Old brains learn NEW TRICKS

2. Makin' lightning3. Prevention: The best medicine1. Never too lateRiddle of R & L3. Stroke of genius?4. Attitudes are a' changin'


Teacher and students in a U.S. Indian school from the 1950s.
Courtesy National Archives and Records Administration






Ba ba da da goo goo! After months of babbling, infants learn their mother tongue. Their brains wire themselves to meet the enormous challenges of language.
Courtesy Missouri Department of Social Services

  Can adults learn?
POSTED 31 AUG 2001
Older brains can't learn much. It's depressing, but it's been considered a fact of life. Duotone image of prim teacher in long dress. One student stands, reading, while others follow in their books. Sure, you can remember a new phone number or the location of your sailboat -- maybe even your kid's plans for the afternoon -- but forget about learning a new language without accent or teaching your that old gray matter to master a musical instrument.

Ever since neuroscientists began using that clunky moniker, they have put out this grim word: you grow older, you learn less. Your brain loses its delightful flexibility and becomes ossified. Calcified. Petrified. New connections aren't made, and dying neurons die are not replaced. As millions of adults have learned to their dismay, you can only recover a certain amount of movement after a stroke.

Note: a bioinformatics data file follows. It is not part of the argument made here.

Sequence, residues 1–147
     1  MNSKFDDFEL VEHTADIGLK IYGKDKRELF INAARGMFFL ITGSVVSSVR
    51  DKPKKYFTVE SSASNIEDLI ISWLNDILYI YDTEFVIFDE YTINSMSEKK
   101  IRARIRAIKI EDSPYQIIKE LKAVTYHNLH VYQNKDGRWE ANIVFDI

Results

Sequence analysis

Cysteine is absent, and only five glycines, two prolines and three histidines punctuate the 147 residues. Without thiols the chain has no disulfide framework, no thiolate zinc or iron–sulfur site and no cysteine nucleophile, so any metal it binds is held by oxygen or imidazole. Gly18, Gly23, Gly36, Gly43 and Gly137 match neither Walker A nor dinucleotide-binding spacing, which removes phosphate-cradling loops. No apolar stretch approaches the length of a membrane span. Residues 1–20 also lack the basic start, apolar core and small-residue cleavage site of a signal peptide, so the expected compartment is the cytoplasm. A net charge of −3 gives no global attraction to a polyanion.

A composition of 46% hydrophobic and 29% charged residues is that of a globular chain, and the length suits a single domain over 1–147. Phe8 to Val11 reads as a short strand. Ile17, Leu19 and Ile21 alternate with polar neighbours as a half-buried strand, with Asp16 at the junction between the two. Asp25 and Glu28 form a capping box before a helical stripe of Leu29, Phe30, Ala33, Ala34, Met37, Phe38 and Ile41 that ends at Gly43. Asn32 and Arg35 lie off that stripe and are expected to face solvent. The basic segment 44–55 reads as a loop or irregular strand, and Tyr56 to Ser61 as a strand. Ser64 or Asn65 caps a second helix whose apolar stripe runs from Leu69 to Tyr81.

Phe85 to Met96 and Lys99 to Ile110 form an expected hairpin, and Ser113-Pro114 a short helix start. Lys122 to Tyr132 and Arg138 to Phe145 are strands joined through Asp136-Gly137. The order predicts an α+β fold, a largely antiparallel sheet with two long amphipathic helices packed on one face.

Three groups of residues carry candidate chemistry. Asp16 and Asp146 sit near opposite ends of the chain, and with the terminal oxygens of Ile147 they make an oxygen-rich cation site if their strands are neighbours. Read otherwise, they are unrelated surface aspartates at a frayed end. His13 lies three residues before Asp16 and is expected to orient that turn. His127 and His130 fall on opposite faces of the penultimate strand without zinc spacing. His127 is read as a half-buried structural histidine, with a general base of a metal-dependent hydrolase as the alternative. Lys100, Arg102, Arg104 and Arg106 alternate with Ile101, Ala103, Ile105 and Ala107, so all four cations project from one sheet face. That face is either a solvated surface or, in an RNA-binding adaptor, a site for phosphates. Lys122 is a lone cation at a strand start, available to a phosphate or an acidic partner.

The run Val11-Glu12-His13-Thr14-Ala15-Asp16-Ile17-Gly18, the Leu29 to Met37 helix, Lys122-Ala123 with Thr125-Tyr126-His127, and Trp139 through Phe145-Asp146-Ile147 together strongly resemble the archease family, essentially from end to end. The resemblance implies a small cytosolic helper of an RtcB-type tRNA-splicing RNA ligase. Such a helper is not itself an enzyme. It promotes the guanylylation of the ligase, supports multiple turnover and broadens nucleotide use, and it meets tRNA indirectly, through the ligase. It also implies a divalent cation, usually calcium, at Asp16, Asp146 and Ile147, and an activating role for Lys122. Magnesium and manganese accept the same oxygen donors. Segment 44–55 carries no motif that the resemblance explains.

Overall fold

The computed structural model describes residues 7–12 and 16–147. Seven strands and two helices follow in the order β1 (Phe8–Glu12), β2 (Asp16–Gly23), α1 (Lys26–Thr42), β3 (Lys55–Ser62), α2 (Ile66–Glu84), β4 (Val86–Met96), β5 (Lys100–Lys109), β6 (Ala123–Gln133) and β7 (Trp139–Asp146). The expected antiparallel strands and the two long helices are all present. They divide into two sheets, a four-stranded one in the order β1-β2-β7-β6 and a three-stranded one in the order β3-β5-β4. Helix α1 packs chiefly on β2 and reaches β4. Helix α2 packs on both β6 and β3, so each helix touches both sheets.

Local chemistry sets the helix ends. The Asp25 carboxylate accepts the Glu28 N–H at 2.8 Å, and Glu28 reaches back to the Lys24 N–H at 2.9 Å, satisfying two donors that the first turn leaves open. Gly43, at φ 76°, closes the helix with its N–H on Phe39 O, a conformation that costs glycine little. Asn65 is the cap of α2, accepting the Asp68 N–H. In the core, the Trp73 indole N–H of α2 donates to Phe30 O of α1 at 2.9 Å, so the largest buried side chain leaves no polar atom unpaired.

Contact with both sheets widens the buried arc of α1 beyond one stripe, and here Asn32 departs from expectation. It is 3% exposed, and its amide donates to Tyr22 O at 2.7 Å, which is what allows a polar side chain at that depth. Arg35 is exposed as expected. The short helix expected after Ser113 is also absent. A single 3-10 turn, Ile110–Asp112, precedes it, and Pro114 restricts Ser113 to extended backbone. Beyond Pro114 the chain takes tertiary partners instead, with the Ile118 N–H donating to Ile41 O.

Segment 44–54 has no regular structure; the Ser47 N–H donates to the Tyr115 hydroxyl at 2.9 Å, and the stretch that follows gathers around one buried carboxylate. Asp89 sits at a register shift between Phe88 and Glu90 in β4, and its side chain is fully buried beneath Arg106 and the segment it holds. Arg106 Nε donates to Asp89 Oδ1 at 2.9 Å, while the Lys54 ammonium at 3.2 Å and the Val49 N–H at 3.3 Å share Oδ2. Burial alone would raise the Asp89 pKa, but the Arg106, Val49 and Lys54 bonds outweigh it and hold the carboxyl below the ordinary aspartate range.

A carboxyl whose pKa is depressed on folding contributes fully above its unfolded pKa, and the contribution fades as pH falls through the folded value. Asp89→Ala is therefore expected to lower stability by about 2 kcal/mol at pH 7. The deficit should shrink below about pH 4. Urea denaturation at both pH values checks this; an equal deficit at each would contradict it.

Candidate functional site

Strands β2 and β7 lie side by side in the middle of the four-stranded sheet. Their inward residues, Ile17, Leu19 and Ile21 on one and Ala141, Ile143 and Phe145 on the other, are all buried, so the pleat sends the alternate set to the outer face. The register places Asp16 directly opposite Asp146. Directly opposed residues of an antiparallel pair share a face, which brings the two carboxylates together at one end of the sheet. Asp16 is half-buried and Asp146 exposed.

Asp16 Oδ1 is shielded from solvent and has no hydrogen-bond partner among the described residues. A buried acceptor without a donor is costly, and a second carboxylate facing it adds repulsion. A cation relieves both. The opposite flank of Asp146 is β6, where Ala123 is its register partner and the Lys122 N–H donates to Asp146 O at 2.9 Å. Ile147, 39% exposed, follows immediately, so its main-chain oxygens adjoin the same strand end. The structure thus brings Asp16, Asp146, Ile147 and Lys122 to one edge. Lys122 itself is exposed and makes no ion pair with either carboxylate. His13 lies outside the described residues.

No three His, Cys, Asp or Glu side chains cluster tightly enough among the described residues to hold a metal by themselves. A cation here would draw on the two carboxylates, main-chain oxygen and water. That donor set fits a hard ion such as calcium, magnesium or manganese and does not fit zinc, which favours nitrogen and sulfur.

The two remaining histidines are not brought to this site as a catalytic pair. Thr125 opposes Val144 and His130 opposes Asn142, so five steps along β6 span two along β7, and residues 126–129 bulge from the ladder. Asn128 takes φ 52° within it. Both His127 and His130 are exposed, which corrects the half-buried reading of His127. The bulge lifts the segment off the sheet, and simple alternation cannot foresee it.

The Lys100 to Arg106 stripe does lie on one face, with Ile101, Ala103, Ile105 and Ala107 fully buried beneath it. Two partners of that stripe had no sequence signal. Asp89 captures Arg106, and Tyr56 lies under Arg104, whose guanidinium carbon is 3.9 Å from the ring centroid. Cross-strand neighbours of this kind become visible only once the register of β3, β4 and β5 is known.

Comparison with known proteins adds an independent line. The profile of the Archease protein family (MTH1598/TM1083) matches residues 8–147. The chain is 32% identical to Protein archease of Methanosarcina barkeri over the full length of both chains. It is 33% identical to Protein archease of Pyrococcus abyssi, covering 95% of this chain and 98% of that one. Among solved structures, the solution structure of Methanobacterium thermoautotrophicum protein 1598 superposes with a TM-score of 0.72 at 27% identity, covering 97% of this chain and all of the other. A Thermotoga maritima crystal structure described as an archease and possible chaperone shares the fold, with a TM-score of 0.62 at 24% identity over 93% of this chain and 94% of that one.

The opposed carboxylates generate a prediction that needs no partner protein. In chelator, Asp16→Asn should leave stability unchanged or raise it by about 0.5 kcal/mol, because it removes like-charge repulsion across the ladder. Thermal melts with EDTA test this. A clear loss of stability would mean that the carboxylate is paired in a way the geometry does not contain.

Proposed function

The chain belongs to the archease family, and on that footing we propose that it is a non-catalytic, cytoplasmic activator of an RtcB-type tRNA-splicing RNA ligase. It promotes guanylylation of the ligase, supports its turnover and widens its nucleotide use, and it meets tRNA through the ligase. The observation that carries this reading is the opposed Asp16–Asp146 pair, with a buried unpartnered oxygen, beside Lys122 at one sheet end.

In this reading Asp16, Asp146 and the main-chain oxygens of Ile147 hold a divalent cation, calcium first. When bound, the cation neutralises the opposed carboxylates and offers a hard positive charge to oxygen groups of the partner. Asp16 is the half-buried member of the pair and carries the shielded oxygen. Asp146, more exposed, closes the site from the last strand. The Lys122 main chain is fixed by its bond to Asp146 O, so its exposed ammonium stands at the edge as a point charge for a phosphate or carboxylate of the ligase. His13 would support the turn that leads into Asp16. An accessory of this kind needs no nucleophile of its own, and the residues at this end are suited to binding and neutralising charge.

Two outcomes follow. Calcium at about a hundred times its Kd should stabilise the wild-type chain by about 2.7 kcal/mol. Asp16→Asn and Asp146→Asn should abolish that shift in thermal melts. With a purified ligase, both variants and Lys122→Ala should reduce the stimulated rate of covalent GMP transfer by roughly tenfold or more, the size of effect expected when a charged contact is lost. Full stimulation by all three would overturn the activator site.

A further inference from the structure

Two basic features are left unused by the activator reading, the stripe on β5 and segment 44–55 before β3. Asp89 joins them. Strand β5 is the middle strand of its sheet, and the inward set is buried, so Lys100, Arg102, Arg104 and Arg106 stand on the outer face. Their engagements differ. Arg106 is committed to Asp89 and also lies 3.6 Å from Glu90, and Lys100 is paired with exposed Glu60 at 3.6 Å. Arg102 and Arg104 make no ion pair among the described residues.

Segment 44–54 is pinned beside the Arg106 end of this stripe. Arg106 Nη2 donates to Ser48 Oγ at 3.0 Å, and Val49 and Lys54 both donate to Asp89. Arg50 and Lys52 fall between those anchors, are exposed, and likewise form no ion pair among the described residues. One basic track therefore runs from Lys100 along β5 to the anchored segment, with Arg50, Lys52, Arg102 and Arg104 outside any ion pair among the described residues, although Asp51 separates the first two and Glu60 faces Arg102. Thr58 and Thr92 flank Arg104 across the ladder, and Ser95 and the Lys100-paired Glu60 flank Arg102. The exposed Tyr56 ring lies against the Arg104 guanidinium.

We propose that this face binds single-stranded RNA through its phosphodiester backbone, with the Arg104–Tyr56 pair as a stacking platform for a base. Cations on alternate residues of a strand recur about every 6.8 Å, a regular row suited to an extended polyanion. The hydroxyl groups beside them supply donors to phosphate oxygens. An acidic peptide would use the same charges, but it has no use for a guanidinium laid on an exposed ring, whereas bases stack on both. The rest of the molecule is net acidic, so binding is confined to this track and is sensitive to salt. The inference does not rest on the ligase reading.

What me learn?
Baby, mouth open, looks at camera.But a strange fate apparently befell neuroscientists. They aged, they read their writings, and were horrified to think that it applied to them.

In this edition, we aging Whyfilers are happy to report some good news from the neurological front. Aging brains may be capable of remarkable feats -- if they are trained properly. Sure, it's easier to learn Mongolian as an infant, but even for tough learning tasks, there's newfound hope.

As we'll see, the dismal dogma of neuroscience is yielding -- grudgingly -- to a more complex -- and infinitely more encouraging -- reality.

Let's take a toughie. Could we teach adult Japanese speakers to distinguish the English R and L?



  The Why Files   There are 1 2 3 4 pages in this feature.
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Terry Devitt, editor; Pamela Jackson, project assistant; S.V. Medaris, designer/illustrator; David Tenenbaum, feature writer; Amy Toburen, content development executive; Jennifer Pearson, project assistant